He wants to move the goalposts in the middle of the game!

    There is no legal requirement to pay a club for leaving. Liability ends when you leave. But Brussels is demanding money just to allow 'talks' on a trade deal without even saying what deal might be on offer!

    The Irish, by the way, are trying to break EU law. Article 50 response states: "The Union will approach the negotiations with unified positions, and will engage with the United Kingdom exclusively through the channels set out in these guidelines and in the negotiating directives. So as not to undercut the position of the Union, there will be no separate negotiations between individual Member States and the United Kingdom on matters pertaining to the withdrawal of the United Kingdom from the Union."

    Yet on RTÉ Irish government chief whip Joe McHugh said: “We will as a government, a sovereign government in Ireland, be holding the United Kingdom to account, as will the European Union,” about the agreement on the border. But he isn’t allowed to under EU law. He has to go through the EU.

    McHugh continued: “My question to anybody within the British government would be: why would there be an agreement, a set of principled agreements, in order to get to phase two, if they weren’t going to be held up? That just sounds bizarre to me. This, as far as we’re concerned, is a binding agreement, an agreement in principle.”

    The position is very clear under EU law: nothing is agreed until everything is agreed. McHugh should ask the EU that question, not us.

    But the Irish are just playing games, trying to screw as much money out the UK taxpayer as always, and twisting words: their economy was destroyed by the EU.

    In the end it is always about money: we have been financially propping up most of Europe to the detriment of our own, starving services. The Labour Remainers actually WANT UK taxpayers to continue to support Europeans BEFORE our own needs (it is what Alan Johnson admitted!).

    Employers want an endless supply of cheap foreign labour, to help suppress wages here, and Labour Remainers support this (because they are middle class and want the 'freedom' of swanning around Europe and settling wherever they like.) It is the working class who get the shitty end of this, but who cares so long as you can easily go off and buy a gite?

    The endless supply of cheap labour keeps our housing crisis on the bubble, where increasing house prices also favour the wealthy at the expense of the working class.

    And as our population explodes with endless uncontrolled immigration, so our precious habitats are diminished even more. Membership of the EU is the driving force for the loss of our wildlife. But if you're rich you could move into the space left behind and buy a home abroad!

    I wouldn't pay them a cent. I would take back our agriculture and our seas. I would control how many people we admit to living here and I would keep our net payments for our own needs. If the super rich financiers fancy living in Frankfurt (they won't), they are welcome to it!

    1. The question for the me is not how bad the EU is but how much worse the UK will be if it leaves. We are so far to the right that virtually anything is better than going it alone.
      Things might change, Corbyn mighty get in for a while but then it is just a matter of time before this bunch of inhumane asset strippers get in again.
      An independent Scotland and even the possibility of a united Ireland would make a difference.

    2. Good grief. I can only assume that the 'likes' here are to encourage an entry for comedy rant of the year. You 'know' so much but understand so little. I won't, can't, bring byself to comment except to suggest that you examine your essay for internal contradictions. If you could eliminate those it would help us to understand what you are actually saying about the EU beyond that you don't like it.

  6. My head hurts! Going out to listen to my local Great Spotted Woodpeckers drumming. Might even hear my Mistle Thrush singing. Bound to see my Goosanders, Little Grebes and Goldeneye on the River Clyde. Maybe even an otter. There. That's better. Feel calmer already.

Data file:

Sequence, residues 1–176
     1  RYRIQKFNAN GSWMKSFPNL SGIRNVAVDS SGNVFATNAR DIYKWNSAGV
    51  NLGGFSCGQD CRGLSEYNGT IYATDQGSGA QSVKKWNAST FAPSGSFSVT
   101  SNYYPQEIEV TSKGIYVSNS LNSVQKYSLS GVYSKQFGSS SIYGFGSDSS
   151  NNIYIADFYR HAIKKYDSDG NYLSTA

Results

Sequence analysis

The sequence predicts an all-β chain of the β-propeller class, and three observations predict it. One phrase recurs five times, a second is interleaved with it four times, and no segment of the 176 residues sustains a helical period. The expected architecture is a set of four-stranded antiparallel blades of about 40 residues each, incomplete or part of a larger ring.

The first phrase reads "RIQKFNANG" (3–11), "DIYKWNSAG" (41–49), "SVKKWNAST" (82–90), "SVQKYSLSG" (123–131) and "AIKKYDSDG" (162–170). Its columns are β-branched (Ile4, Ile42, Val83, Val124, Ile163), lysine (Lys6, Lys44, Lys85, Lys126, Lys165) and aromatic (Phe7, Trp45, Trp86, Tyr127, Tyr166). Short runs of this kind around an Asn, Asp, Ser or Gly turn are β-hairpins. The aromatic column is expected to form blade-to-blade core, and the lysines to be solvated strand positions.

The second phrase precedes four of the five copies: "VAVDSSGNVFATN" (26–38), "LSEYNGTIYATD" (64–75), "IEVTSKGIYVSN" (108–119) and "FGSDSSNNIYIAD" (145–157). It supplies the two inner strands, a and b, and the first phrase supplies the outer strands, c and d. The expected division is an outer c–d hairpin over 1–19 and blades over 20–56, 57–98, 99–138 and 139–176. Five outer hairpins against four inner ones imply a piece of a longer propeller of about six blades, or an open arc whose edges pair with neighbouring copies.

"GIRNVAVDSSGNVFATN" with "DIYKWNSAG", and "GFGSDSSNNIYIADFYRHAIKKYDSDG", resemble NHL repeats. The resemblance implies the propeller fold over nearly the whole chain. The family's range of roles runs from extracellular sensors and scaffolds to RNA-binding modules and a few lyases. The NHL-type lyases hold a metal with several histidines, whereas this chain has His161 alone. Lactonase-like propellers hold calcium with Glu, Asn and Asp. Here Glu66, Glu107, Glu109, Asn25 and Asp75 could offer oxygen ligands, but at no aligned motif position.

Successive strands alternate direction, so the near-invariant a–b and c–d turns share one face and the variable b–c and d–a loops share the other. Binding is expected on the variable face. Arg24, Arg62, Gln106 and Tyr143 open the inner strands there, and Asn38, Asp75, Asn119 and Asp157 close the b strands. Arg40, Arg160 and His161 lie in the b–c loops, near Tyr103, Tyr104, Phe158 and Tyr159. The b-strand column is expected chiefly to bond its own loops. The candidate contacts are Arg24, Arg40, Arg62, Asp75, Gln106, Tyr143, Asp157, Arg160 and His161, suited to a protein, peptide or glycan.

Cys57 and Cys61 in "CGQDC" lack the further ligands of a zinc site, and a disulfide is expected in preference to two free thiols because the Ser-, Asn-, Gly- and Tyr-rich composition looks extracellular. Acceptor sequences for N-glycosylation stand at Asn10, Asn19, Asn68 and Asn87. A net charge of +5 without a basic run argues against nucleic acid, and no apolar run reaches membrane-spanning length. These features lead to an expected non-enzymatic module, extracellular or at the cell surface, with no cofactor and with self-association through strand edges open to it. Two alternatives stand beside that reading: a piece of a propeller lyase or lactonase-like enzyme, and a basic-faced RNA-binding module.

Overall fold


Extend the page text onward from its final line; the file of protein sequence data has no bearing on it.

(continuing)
7. Hello Mark

    I really do not understand what anyone likes about the EU. The European Commission is the only institution in recorded history to have resigned en masse for corruption and then promptly reappointed itself.

    We pay the EU 367 million GROSS every week for the privilege of being ruled by a bunch of unelected corrupt officials. Further, if the proposed period of Transition is agreed beyond 19 March, 2019 then the UK will, potentially continue paying this outrageous amount until at least 2021 - while not being able to challenge, seemingly, any new EU legislation introduced in that intervening period!

    What is wrong with the restoration of UK sovereignty to the UK Parliament?

    What is wrong with the restoration of control to our borders?



    1. Simon - many things, but especially the fact that the bunch of politicians who we have elected recently want to dismantle environmental protection. And that's not what I want. We could do much better out of Europe 9although I think that is a big aim) but in practice we won't because we have elected a bunch of environmental vandals who don't care about anything except money. George Osborne would have dismantled environmental protection if he could have done - but he counldn't because we were in the EU. every grouse moor manager must want Brexit so that they can trash the moors even more so, bump off problem species and have a ball. That's just one micro-example of what will happen when we have control - it will be the rich and powerful who really have control. And wildlife is not rich and powerful.

      1. Mark

        Democracy is now sometimes referred to as populism; it has been proved by thousands of years of history to be the least evil of the number of evil ways of arranging society which have been tried.

        But before we start embracing Corbyn’s Marxism as an alternative to our present government, and with regard to the environment, exactly what did 13 years of Labour misrule achieve other than the continued desecration of our landscapes, the continued decline of farmland bird numbers and, oh yes, two bouts of (entirely avoidable) Foot & Mouth – and just don’t get me started on what damage their HS2 will wreak:

        In any event, how’s the EU been doing to date . . . ? See your own recent guest blog:



    2. Just a small, incidental point. The EU is not run by officials, it is run by elected politicians. And an incidental point to that incidental point, could I just point out that all the evidence suggests that a strong sovereign parliament is the last thing this government wants. Apart from that you're on the money.